When the F test is significant, but Tukey is not (created 2005-09-09)
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Someone asked me how to interpret a one factor analysis of variance where the overall F test was significant, but the Tukey folloup test comparing all four group means was not significant for any pair of means. The short answer is to report that the F test was significant and that Tukey was not. Point out that the Tukey follow-up test is conservative because it attempts to control the overall alpha level. Most people understand what a conservative test is and they will accept that interpretation.
I suspect that one or more of the pairwise comparisons was borderline, so you might talk about that also. Or you could look at the unadjusted comparisons and one of those almost has to be significant. These findings of course need to be interpreted with caution, because they were not statistically significant using a more conservative criterion.
Here's the longer and more technical answer. The F test examines whether all four means are equal and the alternative that is frequently used, that at least one pair of means differs, is not quite accurate. The alternative is really that there is a linear contrast among the four means that is significantly different from zero. A pairwise difference is one example of a linear contrast, but there are other linear contrasts that Tukey does not look at.
For example it might be that the first mean does not differ significantly from the third mean and the second mean does not differ significantly from the fourth mean, but maybe an average of the first and second means differs significantly from an average of the third and fourth means. Or maybe the fourth mean is slightly smaller than the other means, but not enough to be statistically significant for any pair. But when you average the other three means, you get enough precision to get a statistically significant difference from the fourth mean. Perhaps it would be worthwhile to search for an interesting contrast of the means that differs from zero.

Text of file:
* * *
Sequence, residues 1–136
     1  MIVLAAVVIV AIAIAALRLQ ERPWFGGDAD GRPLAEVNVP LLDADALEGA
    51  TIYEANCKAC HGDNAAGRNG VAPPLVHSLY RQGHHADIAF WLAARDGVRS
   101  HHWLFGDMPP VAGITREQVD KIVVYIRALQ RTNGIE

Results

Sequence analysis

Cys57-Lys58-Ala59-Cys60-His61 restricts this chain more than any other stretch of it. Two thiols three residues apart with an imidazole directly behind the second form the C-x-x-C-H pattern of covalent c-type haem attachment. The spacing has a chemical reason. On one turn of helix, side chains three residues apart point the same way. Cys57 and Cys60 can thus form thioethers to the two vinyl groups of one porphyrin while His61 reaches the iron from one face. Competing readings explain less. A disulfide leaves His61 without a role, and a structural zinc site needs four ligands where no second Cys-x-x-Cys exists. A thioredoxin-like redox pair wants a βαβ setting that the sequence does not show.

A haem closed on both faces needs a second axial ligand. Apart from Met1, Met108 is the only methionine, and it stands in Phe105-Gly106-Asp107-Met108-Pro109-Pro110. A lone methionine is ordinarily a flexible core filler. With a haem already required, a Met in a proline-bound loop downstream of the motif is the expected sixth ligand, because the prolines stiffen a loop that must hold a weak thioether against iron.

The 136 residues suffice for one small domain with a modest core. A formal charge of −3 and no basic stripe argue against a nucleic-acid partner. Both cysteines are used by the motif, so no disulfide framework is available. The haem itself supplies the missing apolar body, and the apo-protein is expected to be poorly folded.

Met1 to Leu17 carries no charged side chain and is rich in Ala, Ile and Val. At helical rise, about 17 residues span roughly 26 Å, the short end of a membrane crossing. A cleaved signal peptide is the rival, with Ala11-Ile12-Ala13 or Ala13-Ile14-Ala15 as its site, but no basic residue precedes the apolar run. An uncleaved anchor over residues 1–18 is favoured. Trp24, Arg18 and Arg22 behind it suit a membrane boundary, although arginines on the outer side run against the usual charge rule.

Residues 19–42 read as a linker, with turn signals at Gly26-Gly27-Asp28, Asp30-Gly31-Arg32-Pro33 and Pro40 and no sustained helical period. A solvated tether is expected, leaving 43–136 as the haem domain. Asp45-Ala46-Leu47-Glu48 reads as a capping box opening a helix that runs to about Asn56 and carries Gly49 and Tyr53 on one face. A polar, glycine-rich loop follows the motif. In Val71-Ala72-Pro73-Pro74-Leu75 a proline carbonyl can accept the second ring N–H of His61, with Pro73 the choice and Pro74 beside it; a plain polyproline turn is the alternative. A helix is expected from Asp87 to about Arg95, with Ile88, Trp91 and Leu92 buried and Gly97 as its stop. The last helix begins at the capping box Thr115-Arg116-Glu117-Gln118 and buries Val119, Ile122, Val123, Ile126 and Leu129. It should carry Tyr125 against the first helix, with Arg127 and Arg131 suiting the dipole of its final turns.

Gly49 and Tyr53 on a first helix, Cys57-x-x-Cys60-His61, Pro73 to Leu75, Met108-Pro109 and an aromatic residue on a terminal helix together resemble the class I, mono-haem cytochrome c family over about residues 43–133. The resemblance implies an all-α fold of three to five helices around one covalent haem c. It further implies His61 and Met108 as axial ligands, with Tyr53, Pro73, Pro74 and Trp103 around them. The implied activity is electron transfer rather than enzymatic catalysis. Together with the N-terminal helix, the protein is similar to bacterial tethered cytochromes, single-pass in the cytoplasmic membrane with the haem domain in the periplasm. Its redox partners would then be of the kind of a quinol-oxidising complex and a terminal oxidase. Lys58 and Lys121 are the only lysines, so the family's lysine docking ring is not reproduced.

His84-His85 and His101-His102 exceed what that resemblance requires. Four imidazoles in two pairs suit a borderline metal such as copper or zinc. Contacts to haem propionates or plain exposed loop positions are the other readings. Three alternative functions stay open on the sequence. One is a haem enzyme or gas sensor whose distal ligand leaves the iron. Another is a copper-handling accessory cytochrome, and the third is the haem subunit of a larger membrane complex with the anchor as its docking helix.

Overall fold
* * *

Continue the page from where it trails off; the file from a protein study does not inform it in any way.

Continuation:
Another technical difficulty is that Tukey's test is based on the studentized range which behaves slightly differently than the F test. There are situations (not too many) where the studentized range statistic is significant, but the F test is not. And there are situations (again not too many) where the F test is significant and the studentized range statistic is not. You just have the bad luck of encountering one of those rare situations. Now I don't think it helps to make such technical arguments in a paper, so it is just simpler to admit that there is a discrepancy and blame the conservative nature of the Tukey followup test.